Women in STEM have come a long way, but there are stereotypes to be busted, she writes in this piece adapted from her recent Catalysing Change speech.
Has the needle shifted on gender equality in STEM in the past decade? Yes, in many respects there’s been a noticeable change for the better.
We have an unprecedented focus on reducing the gender pay gap and campaigns to get more girls into STEM. We have also placed a spotlight on organisational cultures to redress inequities and help women advance in their chosen careers and progress into decision making roles.
But the dial hasn’t moved enough in terms of busting stereotypes — by any means. Let me tell you a story to illustrate the point.
In 2016, I was being collected by a driver to attend an awards ceremony, at which I was a finalist. The car arrived, the driver opened the back-seat door and I got in. After a while, I was concerned as the driver never returned.
When I saw him pacing up and down the footpath, I wound down the window and asked if he was alright. He said, “Yes, I’m just waiting for the Professor”. I explained I was “the Professor”. He replied, “I was expecting your husband”. The driver proceeded to drive me to the event while I delivered gender inequality and unconscious bias training 101…. enroute.
Over the years, I have shared this anecdote at a range of public events to illustrate how our culture and stereotypes lag behind progress. When I shared the story with a journalist, who thought it was terrific, she then proceeded to ask me at the end of the interview what title she should give me … Ms. or Mrs.? “Professor!” I replied.
The story has been picked up by media and social media world-wide and nicknamed ‘Waiting for the Professor’. I have gone to many gender equality events and conference and heard similar stories from others.
Now, some four years later, ‘I’m back’ … with a sequel.
I recently flew to Adelaide for the Australian Academy of Science national gender equality conference. As I descended down the escalator at the airport, I saw the driver holding a sign with “Rudd” on it. I caught his eye and signalled that it was me he was picking up.
The drive turned his side to me and continued holding the sign looking at the escalator. I then walked up to him and said “that’s me” pointing to the sign. He replied, “yeah sure, you’re Kevin Rudd”. The driver, again, purposely turned his side/ back to me and continued to hold the sign facing the escalator. I was with a male colleague, who at this point was gobsmacked.
I went to the baggage claim area to collect my suitcase. I watched the driver all this time, who continued to hold the sign up looking at the escalator. I wheeled my suitcase towards him and approached him and said again “You are here for me; I’m Professor Rudd”.
He replied: “I was waiting for a man”.
I went with the driver to the car and the whole journey to the hotel was just as disgraceful. He harangued me (including when I was on the phone on work calls), saying the problem was with my Christian name – “see (pointing to the manifesto) – Cobie is a man’s name, we all just know of Kobe Bryant”…. “I was expecting a man” … “it’s your fault, you didn’t approach me properly”.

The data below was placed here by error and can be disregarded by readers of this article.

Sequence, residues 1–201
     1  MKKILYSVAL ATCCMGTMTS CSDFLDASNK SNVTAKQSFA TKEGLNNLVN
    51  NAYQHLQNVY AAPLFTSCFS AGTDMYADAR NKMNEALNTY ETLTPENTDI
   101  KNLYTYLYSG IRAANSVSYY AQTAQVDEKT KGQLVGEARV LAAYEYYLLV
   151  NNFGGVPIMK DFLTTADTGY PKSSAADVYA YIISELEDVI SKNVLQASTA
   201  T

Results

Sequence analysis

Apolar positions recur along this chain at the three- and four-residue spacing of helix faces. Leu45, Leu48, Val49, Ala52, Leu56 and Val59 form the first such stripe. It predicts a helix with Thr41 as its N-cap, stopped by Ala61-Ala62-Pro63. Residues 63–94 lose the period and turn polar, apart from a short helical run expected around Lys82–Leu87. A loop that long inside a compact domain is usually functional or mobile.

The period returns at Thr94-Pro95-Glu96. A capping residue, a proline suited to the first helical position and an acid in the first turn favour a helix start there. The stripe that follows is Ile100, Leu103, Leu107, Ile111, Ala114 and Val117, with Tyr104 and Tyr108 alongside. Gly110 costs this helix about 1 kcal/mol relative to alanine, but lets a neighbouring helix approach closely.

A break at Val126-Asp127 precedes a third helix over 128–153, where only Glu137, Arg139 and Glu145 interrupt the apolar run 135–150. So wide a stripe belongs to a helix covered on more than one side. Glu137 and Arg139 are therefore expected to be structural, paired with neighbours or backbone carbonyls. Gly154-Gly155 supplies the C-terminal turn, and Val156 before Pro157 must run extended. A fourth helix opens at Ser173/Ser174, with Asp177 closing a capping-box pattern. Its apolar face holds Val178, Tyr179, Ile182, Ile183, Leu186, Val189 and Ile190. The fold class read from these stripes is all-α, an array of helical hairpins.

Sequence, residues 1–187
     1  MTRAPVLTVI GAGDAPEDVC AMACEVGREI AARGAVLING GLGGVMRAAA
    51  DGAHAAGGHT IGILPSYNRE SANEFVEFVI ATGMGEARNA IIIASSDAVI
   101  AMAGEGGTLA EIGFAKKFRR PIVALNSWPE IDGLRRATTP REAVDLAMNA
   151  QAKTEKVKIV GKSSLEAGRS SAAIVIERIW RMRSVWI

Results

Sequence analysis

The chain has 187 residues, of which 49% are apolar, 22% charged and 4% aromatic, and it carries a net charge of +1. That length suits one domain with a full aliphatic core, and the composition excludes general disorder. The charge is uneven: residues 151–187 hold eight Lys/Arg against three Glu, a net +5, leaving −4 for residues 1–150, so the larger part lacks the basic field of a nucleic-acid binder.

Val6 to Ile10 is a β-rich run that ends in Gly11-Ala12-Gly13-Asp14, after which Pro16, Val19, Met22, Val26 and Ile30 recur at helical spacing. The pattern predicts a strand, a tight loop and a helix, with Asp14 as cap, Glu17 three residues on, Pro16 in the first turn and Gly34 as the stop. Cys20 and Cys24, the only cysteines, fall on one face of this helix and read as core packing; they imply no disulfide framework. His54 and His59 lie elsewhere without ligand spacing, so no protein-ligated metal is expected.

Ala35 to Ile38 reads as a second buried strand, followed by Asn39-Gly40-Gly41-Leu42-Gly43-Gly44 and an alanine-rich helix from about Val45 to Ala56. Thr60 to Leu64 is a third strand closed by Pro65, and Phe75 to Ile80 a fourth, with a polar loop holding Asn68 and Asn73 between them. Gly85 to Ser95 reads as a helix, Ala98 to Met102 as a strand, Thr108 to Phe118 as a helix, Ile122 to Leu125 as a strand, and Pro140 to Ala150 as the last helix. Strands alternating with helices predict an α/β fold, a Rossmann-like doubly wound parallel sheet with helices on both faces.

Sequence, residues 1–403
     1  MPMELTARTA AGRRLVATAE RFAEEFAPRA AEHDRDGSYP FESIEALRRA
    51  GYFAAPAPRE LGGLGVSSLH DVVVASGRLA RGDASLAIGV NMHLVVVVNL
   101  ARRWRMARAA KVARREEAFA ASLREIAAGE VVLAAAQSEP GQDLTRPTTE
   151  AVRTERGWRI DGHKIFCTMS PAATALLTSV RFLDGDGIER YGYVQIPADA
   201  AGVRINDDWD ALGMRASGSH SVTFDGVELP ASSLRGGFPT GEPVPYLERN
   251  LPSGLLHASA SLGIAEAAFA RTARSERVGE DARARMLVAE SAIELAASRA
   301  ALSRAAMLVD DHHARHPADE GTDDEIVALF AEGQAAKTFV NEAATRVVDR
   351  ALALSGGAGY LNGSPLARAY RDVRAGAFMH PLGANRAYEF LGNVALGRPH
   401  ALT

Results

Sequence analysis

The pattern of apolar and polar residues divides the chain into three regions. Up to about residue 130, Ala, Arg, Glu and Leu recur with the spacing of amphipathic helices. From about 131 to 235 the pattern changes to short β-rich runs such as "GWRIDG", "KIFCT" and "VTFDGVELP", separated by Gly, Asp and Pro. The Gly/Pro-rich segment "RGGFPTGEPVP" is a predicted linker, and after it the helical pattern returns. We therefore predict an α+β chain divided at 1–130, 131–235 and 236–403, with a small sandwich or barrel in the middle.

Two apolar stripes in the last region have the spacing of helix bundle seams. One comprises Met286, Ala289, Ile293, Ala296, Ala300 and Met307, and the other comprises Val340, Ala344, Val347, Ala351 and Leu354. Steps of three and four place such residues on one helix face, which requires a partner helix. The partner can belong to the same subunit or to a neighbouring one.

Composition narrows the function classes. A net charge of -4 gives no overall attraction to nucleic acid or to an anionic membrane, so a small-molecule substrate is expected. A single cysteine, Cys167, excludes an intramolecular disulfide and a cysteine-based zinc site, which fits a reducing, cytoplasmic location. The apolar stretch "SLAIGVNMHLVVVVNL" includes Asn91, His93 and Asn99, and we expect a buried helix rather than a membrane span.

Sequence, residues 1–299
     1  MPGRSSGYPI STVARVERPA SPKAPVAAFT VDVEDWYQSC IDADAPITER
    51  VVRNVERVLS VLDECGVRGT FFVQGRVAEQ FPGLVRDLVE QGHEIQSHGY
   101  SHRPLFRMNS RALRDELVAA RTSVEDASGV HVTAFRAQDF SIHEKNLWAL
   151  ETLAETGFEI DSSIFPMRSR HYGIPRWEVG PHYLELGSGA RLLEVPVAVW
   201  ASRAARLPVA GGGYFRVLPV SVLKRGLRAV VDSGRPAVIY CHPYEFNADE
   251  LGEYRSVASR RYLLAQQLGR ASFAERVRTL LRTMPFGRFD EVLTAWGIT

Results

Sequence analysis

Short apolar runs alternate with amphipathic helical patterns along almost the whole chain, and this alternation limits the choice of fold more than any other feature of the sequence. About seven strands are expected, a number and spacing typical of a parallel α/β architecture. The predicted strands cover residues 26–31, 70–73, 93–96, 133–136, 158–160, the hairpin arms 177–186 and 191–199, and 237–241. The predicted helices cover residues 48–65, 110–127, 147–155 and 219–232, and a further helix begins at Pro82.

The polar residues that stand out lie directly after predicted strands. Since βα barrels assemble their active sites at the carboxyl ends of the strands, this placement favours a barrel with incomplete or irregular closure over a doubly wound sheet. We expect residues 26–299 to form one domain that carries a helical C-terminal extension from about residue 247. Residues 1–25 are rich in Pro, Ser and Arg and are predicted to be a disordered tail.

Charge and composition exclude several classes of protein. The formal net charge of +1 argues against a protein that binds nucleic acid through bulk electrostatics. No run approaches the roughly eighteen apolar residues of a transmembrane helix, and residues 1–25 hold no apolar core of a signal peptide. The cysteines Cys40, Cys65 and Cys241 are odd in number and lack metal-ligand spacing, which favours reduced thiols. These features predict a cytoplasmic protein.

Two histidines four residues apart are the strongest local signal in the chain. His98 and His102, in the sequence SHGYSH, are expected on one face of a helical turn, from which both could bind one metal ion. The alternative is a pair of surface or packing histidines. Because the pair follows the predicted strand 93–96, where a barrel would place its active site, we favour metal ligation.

When we got to the hotel, he said “you’re never going to forgive me, are you”. Probably not.
It is true that Australian women hold fewer academic positions than men at, or above, the level of senior lecturer. We’ve seen slow increases at the professorial level with the proportion of female professors increasing from 24.3% in 2012 to 27.3% in 2016 (Universities Australia). It’s not that impressive really, at only just above one quarter.
As we approach International Women’s Day #IWD2020 with the theme #EachforEqual, I think it’s worth highlighting what that means: it’s everybody’s business. Everybody has a role to play across sectors and industries. It’s not just about women. Developing a more inclusive culture means men have a clear and critical role to play. Addressing their unconscious bias and traditional stereotyping are game changers.
As for me, I’m also “waiting for the Professor”….as in I am waiting for a societal response where a new generation of women progress at the same rate or faster than their male counterparts and take their equal place among the highest ranks of our higher education institutions.
Professor Cobie Rudd is the Deputy Vice-Chancellor (Strategic Partnerships) and Vice-President at Edith Cowan University.
Professor Rudd holds the Edith Cowan University (ECU) portfolio for institutional accreditation in gender equality. As part of this, she led the University to achieving Bronze accreditation in the inaugural pilot of the Athena SWAN Charter in Australia, as one of the first 11 universities nationally to achieve this award. As well, in 2019, ECU has been ranked 6th in the world for gender equality in the Times Higher Education University Impact Rankings, and in 2020 has been awarded the Workplace Gender Equality Agency Citation as an Employer of Choice for Gender Equality for the fourth successive year; the only university in WA to be recognised with this Citation.
Professor Rudd has over 30 years of experience across sectors and has led a diverse range of capacity-building and research projects on a national scale, and also held senior policy research and advisory roles for both state and commonwealth governments. She is a graduate of the Australian Institute of Company Directors and has served on over 13 boards of governance.